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Suicide crisis

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Suicide
Clinical aspects
Suicide crisis
Assessment of suicide risk
Intervention | Prevention
Crisis hotline | Suicide watch
Suicide and mental health
Attempted suicide
Related phenomena
Parasuicide | Self-harm
Suicidal ideation | Suicide note
Types of suicide
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Altruistic suicide
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Suicide pact | Teenage suicide
Jail suicide | Copycat suicide
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Suicide crisis intervention
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A suicide crisis, suicidal crisis, or potential suicide, is a situation in which a person is attempting to kill him or herself or is seriously contemplating or planning to do so. It is considered by some public safety authorities, medical practice, and emergency services to be a medical emergency, requiring immediate suicide intervention and emergency medical treatment.[How to reference and link to summary or text]

Nature of a suicide crisis Edit

Most cases of potential suicide have warning signs. Attempting to kill oneself or harming oneself, talking about or planning suicide, writing a suicide note, talking or thinking frequently about death, exhibiting a death wish by expressing it verbally or by taking potentially deadly risks, are all indicators of a suicide crisis. More subtle clues include preparing for death for no apparent reason (such as putting affairs in order, changing a will, etc.), writing goodbye letters, and visiting or calling family members or friends to say farewell. The person may also start giving away previously valued items (because he "no longer needs them"). In other cases, the person who seemed depressed and suicidal may become normal again; those people need to be watched because the return to normalcy could be because they have come to terms with whatever act is next.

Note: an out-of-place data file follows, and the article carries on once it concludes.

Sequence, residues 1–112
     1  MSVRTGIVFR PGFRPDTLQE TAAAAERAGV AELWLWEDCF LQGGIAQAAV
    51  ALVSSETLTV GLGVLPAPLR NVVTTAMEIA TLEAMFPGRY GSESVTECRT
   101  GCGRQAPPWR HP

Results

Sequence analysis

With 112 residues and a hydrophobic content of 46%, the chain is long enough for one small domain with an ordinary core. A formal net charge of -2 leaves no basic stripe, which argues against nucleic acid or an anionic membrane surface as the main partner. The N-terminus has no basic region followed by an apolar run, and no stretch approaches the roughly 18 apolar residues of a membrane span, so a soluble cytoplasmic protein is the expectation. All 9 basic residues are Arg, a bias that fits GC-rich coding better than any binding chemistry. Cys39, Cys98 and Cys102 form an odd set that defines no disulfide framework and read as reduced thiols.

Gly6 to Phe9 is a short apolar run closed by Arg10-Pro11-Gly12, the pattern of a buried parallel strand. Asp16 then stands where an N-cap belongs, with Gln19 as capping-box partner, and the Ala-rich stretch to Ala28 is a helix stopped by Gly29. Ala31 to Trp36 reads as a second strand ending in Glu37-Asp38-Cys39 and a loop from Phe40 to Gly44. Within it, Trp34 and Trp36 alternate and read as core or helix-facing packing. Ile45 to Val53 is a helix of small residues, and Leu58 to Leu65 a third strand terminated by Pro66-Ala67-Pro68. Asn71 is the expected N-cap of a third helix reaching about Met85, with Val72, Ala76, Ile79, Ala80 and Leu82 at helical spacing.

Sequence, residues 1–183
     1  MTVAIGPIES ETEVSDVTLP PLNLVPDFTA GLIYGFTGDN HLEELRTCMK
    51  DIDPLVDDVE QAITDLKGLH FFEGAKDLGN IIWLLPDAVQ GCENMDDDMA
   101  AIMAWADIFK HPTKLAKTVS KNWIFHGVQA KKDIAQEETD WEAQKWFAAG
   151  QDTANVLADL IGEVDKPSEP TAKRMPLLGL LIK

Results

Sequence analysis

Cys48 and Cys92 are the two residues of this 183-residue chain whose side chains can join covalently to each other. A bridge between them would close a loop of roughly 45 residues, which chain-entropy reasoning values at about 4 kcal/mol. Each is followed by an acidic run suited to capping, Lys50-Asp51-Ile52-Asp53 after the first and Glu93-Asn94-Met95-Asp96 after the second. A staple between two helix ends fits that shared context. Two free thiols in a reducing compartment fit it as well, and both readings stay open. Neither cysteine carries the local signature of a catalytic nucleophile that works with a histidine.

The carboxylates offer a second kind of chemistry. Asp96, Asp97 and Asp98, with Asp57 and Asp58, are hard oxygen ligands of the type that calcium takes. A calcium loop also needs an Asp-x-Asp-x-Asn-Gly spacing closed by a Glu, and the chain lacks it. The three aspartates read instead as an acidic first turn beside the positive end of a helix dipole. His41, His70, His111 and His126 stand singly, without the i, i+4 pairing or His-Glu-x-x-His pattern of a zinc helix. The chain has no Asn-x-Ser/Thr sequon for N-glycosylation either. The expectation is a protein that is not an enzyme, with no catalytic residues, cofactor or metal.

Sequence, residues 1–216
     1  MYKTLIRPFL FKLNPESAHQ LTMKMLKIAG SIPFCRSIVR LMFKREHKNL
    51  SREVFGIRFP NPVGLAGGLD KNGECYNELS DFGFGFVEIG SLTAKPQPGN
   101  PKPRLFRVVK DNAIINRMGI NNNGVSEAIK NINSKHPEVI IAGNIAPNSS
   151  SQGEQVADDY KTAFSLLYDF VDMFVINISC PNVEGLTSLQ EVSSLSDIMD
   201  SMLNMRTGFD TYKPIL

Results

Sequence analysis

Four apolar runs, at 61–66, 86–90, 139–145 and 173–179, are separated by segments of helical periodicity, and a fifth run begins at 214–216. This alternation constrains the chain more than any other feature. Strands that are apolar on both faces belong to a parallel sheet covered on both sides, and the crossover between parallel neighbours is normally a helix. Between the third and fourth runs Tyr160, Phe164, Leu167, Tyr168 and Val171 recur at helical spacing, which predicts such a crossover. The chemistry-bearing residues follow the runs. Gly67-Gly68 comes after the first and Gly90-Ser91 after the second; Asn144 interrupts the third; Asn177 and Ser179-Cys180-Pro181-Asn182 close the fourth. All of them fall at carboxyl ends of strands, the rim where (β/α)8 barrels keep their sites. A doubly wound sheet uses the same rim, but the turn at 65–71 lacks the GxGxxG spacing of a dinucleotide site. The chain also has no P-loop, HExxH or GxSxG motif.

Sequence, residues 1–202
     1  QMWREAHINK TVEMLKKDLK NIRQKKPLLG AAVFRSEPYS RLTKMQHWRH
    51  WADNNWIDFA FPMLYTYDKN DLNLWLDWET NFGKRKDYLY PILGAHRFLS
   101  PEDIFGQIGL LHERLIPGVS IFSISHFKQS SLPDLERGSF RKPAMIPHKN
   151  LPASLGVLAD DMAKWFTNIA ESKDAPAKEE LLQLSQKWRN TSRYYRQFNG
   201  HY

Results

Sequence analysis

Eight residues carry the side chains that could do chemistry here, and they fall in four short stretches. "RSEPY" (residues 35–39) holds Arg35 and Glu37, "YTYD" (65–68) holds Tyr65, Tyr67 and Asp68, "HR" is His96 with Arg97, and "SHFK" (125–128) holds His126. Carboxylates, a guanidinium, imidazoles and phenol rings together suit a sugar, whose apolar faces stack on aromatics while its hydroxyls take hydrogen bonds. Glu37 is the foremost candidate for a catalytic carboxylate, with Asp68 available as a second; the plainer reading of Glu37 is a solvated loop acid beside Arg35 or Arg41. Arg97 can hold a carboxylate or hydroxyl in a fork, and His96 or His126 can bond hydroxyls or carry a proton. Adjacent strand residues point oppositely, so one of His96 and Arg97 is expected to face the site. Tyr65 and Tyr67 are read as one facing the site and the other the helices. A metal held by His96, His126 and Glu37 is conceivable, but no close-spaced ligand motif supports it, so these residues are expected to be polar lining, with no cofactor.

Depression is a major causative factor of suicide, and individuals suffering from depression are considered a high-risk group for suicidal behavior. More than 90% of all suicides are related to a mood disorder, such as bipolar disorder, or other psychiatric illnesses, such as schizophrenia. [1] The deeper the depression, the greater the risk [2], often manifested in feelings or expressions of apathy, helplessness, hopelessness, or worthlessness. [3]

Suicide is often committed in response to a cause of depression, such as the cessation of a romantic relationship, serious illness or injury (like the loss of a limb or blindness), the death of a loved one, financial problems or poverty, guilt or fear of getting caught for something the person did, drug abuse, and old age, among others. [4]


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